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affirmed or denied animal antecedent applied Archbishop Whately ascer ascertained assertion attributes connoted axioms believe body called cause circumstances coexistence color common conceive conclusion connexion consciousness consequent considered copula deductive definition denoted differentia distinction doctrine Duke of Wellington effect ellipse equal essence evidence example exist experience expression fact feelings genus geometry gism grounded idea implied individual induction inference inquiry instance kind knowledge known language laws of causation logic logicians mark matter meaning mental merely Method of Agreement Method of Difference mind mode mortal motion nature necessary noumenon object observation particular peculiar phenomena phenomenon philosophers possess predicate premisses present principle produced properties proposition proved quadrupeds ratiocination reasoning relation resemblance respecting result scientific sensations sense signification Socrates Sophroniscus species straight lines substances supposed supposition syllogism term theory things thought tion true truth uniformities universal universal proposition Whewell whole word
Page 198 - The cause, then, philosophically speaking, is the sum total of the conditions, positive and negative, taken together; the whole of the contingencies of every description, which being realized, the consequent invariably follows.
Page 172 - Induction, then, is that operation of the mind, by which we infer that what we know to be true in a particular case or cases, will be true in all cases which resemble the former in certain assignable respects. In other words, Induction is the process by which we conclude that what is true of certain individuals of a class is true of the whole class, or that what is true at certain times will be true in similar circumstances at all times.
Page 201 - But it is necessary to our using the word cause that we should believe not only that the antecedent always has been followed by the consequent, but that as long as the present constitution of things endures it always will be so.
Page 585 - ... defines the end, and hands it over to the science. The science receives it, considers it as a phenomenon or effect to be studied, and having investigated its causes and conditions, sends it back to art with a theorem of the combination of circumstances by which it could be produced.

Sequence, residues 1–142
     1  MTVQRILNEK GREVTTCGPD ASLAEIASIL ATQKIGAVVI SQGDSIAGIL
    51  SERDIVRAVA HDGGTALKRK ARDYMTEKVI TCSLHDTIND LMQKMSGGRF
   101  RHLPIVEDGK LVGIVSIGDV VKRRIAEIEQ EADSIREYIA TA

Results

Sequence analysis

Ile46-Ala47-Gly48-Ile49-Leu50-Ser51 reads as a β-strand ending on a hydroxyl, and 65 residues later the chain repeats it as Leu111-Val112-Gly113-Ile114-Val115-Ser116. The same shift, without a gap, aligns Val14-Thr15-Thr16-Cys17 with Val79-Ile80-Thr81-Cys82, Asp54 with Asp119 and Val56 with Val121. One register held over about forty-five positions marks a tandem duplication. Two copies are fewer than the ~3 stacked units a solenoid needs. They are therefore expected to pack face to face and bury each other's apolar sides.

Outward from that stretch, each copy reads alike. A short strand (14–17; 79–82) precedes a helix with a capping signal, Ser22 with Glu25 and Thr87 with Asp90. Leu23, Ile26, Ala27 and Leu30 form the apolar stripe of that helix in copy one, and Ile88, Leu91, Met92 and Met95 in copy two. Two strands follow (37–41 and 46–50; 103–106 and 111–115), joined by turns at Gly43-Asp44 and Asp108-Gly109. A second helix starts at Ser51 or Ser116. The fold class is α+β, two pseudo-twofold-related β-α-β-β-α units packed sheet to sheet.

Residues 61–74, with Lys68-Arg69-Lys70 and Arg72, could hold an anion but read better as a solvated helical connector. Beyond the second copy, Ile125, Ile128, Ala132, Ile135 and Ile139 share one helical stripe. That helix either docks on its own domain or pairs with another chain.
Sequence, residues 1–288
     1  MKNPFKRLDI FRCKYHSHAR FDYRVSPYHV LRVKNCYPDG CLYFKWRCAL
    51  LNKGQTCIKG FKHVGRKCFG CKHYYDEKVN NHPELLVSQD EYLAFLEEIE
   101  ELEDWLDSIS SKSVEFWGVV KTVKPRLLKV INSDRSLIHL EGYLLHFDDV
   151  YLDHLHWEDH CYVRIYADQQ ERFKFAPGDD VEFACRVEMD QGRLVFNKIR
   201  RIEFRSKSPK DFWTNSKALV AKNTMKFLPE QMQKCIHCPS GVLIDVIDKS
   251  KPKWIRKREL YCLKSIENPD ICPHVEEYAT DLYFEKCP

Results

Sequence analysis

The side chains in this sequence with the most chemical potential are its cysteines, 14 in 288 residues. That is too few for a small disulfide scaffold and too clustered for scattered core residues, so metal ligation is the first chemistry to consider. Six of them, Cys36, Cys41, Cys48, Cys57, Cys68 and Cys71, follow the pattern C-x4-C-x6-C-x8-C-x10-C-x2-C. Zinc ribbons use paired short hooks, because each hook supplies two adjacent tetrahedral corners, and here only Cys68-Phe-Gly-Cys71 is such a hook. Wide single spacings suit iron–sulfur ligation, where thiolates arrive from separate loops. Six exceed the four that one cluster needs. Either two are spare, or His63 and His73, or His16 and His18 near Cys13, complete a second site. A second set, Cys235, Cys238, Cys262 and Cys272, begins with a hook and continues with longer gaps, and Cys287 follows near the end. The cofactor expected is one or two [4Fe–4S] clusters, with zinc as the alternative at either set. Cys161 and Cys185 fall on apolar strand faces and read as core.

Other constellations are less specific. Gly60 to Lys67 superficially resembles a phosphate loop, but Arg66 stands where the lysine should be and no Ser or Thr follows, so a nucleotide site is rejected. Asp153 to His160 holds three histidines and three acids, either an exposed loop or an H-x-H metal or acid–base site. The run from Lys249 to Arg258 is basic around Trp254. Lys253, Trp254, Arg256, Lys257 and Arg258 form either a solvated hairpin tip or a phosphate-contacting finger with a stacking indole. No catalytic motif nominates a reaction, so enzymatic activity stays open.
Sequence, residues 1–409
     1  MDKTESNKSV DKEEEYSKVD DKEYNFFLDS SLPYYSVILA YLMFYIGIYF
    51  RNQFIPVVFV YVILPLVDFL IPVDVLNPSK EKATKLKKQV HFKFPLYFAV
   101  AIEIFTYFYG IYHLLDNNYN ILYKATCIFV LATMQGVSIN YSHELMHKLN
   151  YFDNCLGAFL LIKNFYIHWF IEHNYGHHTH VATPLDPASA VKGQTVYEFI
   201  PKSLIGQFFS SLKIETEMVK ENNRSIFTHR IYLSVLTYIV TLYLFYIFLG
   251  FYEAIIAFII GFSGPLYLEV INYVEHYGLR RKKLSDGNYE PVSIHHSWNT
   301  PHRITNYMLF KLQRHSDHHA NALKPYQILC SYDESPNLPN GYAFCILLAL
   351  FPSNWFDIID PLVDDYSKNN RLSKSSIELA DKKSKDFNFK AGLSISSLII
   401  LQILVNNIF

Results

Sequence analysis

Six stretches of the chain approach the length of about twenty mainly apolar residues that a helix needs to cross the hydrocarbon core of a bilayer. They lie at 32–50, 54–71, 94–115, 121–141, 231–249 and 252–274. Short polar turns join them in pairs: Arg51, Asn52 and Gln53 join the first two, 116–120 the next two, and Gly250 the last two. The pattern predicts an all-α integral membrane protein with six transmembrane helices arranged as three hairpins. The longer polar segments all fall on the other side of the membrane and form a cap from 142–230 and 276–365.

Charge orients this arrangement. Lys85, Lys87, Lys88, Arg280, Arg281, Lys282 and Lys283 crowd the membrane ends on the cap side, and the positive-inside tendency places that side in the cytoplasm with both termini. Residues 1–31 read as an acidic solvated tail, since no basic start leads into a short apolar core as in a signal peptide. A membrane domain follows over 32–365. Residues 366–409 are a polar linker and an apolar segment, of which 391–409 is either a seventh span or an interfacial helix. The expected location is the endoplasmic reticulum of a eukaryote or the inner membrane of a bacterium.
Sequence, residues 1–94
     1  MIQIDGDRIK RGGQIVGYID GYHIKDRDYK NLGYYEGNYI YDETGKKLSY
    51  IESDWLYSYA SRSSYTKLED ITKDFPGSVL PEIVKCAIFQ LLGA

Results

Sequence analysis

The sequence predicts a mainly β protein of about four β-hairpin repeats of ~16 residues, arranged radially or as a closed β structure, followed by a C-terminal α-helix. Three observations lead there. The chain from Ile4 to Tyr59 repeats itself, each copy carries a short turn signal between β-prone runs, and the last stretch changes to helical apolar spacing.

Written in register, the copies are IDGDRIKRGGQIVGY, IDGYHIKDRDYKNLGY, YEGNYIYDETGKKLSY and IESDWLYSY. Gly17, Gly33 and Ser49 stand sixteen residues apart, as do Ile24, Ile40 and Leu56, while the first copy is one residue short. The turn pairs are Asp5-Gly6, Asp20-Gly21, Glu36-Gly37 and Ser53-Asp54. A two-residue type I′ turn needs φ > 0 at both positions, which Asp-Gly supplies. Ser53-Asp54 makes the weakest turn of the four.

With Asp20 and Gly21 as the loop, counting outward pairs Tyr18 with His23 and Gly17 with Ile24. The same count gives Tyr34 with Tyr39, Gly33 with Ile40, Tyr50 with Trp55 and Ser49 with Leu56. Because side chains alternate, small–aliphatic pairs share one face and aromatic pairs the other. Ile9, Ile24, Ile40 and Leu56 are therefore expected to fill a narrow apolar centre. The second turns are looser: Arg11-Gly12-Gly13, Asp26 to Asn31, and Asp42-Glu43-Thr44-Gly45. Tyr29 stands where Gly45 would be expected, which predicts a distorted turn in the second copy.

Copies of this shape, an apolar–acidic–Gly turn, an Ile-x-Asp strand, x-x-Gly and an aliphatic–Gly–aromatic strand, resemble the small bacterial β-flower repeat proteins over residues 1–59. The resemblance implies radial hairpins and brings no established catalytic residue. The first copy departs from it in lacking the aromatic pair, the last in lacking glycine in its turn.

Page 459 - That gravity should be innate, inherent and essential to matter, so that one body may act upon another at a distance through a vacuum, without the mediation of anything else by and through which their action and force may be conveyed from one to another, is to me so great an absurdity, that I believe no man who has in philosophical matters a competent faculty of thinking can ever fall into it.
Page 374 - In order that any alleged fact should be contradictory to a law of causation, the allegation must be, not simply that the cause existed without being followed by the effect, for that would be no uncommon occurrence; but that this happened in the absence of any adequate counteracting cause. Now in the case of an alleged miracle, the assertion is the exact opposite of this.
Page 120 - When we say, . . . All men are mortal, Socrates is a man, therefore Socrates is mortal ; it is unanswerably urged by the adversaries of the syllogistic theory, that the proposition, Socrates is mortal, is presupposed in the more general assumption, All men are mortal...
Page 201 - That which will be followed by a given consequent when, and only when, some third circumstance also exists, is not the cause, even though no case should ever have occurred in which the phenomenon took place without it.
Page 15 - A name is a word taken at pleasure to serve for a mark which may raise in our mind a thought like to some thought we had before, and which being pronounced to others may be to them a sign of what thought the speaker had before in his mind.
Page 154 - Necessary truths," says Dr. Whewell, " are those in which we not only learn that the proposition is true, but see that it must be true ; in which the negation is not only false, but impossible; in which we cannot, even by an effort of the imagination, or in a supposition, conceive the reverse of that which is asserted.